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Friday, September 23, 2022


by Dustin Michael

It's not often you find a bright side to drought, but in Texas, the heat and lack of rain have uncovered dinosaur tracks from 113 million years. The tracks were unveiled at Dinosaur Valley State Park in Glen Rose, Texas — about an hour's drive from Fort Worth. The park is known for its dinosaur tracks, but these newer ones are usually covered with water from the Paluxy River and aren't visible. NPR, August 25, 2022

In the photograph you perch atop your tall chair,
a Mesozoic predator with a smaller dinosaur–in this case
a plastic stegosaurus mailed to you by your Uncle Richie.
Your skin pallid, papery like a new fossil exposed to air,
your lifeless smile a museum skeleton, you were four years old, 
my son, and it was just spring, and no one knew you
had leukemia or how close to death you were. 

The floods arrived, tests and tears, swift currents 
sweeping you across town to the children’s hospital 
clutching your favorite things. I discovered you each day 
washed up on the bank of your hospital bed, wires and tubes 
twisted around your withered limbs like prehistoric vines.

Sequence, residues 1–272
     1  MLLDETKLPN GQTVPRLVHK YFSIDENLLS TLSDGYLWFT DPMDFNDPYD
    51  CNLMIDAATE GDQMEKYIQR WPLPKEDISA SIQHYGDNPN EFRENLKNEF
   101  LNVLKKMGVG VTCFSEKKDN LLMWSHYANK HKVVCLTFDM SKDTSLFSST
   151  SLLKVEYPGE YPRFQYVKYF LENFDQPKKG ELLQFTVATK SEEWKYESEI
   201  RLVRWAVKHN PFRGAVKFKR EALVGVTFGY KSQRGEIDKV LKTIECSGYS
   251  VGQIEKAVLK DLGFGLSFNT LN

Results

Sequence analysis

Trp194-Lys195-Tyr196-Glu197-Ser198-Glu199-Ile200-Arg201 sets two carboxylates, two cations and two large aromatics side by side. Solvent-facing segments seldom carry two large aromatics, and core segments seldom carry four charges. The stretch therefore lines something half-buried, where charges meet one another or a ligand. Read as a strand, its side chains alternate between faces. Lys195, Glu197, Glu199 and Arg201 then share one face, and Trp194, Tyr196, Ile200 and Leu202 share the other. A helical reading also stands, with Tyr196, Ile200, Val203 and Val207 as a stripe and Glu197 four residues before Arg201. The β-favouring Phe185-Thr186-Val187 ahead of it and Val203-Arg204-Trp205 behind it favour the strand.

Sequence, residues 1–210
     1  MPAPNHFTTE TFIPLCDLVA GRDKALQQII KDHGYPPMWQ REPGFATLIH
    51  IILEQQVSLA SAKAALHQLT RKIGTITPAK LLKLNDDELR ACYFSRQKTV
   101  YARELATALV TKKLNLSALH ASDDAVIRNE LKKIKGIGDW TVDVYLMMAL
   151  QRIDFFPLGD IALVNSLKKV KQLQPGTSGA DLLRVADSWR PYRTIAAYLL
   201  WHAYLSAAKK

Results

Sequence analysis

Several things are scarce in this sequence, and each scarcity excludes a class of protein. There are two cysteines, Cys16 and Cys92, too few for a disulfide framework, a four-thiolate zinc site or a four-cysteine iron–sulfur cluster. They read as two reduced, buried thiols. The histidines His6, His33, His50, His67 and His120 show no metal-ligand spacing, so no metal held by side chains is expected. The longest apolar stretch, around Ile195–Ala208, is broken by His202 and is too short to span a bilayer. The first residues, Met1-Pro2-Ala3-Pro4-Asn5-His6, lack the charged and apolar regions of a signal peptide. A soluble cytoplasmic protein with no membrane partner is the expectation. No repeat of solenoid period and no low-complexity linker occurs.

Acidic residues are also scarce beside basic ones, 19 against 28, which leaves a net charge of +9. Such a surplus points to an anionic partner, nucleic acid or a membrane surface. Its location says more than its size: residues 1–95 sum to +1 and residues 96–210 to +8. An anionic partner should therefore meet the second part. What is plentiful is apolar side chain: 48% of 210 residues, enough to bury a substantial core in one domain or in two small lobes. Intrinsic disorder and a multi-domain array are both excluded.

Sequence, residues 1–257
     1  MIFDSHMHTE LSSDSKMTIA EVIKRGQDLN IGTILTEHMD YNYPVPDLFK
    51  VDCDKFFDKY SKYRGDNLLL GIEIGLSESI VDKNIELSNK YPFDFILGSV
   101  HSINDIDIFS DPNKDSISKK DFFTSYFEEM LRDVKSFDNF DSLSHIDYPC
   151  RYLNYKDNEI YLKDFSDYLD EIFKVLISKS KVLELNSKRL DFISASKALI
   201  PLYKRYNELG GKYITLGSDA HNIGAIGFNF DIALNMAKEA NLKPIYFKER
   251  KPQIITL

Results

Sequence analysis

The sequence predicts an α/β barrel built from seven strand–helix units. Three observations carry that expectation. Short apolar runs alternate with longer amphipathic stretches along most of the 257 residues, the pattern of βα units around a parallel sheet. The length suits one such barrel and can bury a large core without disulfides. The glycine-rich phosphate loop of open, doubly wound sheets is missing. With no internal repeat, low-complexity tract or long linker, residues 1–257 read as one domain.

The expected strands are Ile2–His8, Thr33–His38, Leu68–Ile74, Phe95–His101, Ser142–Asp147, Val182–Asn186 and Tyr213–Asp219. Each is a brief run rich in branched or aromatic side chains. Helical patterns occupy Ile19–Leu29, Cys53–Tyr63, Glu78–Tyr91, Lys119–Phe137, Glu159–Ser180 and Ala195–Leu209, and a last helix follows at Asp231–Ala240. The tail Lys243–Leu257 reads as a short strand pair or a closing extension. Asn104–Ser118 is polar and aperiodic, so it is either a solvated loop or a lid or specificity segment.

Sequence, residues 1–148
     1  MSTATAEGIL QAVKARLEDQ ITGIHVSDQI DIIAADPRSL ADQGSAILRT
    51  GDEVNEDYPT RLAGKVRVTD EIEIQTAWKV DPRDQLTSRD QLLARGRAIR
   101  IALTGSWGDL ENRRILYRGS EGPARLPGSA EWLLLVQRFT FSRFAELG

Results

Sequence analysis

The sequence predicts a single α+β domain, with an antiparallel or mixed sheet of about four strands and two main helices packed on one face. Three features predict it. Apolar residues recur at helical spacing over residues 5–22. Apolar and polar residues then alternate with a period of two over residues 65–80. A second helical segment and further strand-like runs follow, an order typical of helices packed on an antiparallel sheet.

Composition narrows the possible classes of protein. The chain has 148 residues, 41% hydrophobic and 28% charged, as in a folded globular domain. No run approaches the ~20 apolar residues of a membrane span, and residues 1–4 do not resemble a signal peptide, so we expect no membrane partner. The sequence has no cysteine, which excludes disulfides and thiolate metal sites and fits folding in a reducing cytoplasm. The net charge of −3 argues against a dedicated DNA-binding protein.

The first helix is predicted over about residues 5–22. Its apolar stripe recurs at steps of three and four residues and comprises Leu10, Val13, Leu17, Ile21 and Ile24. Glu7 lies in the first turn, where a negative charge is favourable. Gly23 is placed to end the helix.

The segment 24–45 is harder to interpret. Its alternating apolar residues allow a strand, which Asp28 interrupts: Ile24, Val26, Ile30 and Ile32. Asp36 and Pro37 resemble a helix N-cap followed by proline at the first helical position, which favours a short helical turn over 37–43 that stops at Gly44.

For our home, you became a mysteriously vanished creature, 
a question sleeping at the end of a trail of footprints,
and I became a scientist logging your every trace,
following your ancient tracks, cataloging your fragments 
while your nurses and doctors reconstructed you. 

Now, each time I think I have you adequately described 
and slouch toward the podium of my heart to proclaim,
“I hereby present my findings so the world will know
this child, my little boy, who roamed this very Earth—”
more evidence appears, the sediment of my hours 
is scoured away to reveal more mundane marks 
made sacred by distance, disaster, the old economics 
of despair: your preschool mat on the floor like a shed skin, 
your crayon drawing of our family, crumpled, a primordial leaf, 
your t-shirt sleeve peeking like an ancient tooth 
from the laundry pile, and the wondrous sets of trackways 
I found one afternoon when I collapsed face-down on the floor 
near where you and your puppy used to play, 
the tiny footprints tell where you both scurried in 
from a sudden storm, faint mud on laminate flooring, 
puppy and boy, a cataclysm of joy frozen in time. 

Spring was a hundred million years ago and in every second since
I have lived a life of hope and mourning. These new tracks emerged 
from behind my tears like your toys when I would drain the bath. 
Where do they lead? Perhaps to the children’s hospital 
and your den of blankets and tubes, or to the counter 
and the photo of your dying child’s smile,
or into an uncertain future where I 
cannot see you, surely because
you are only bounding ahead. 

Dustin Michael lives with his family in Georgia, where he teaches English writing and literature. He and his wife share blogging duties at, where they write about their son, Phin, who was recently diagnosed with acute myeloid leukemia.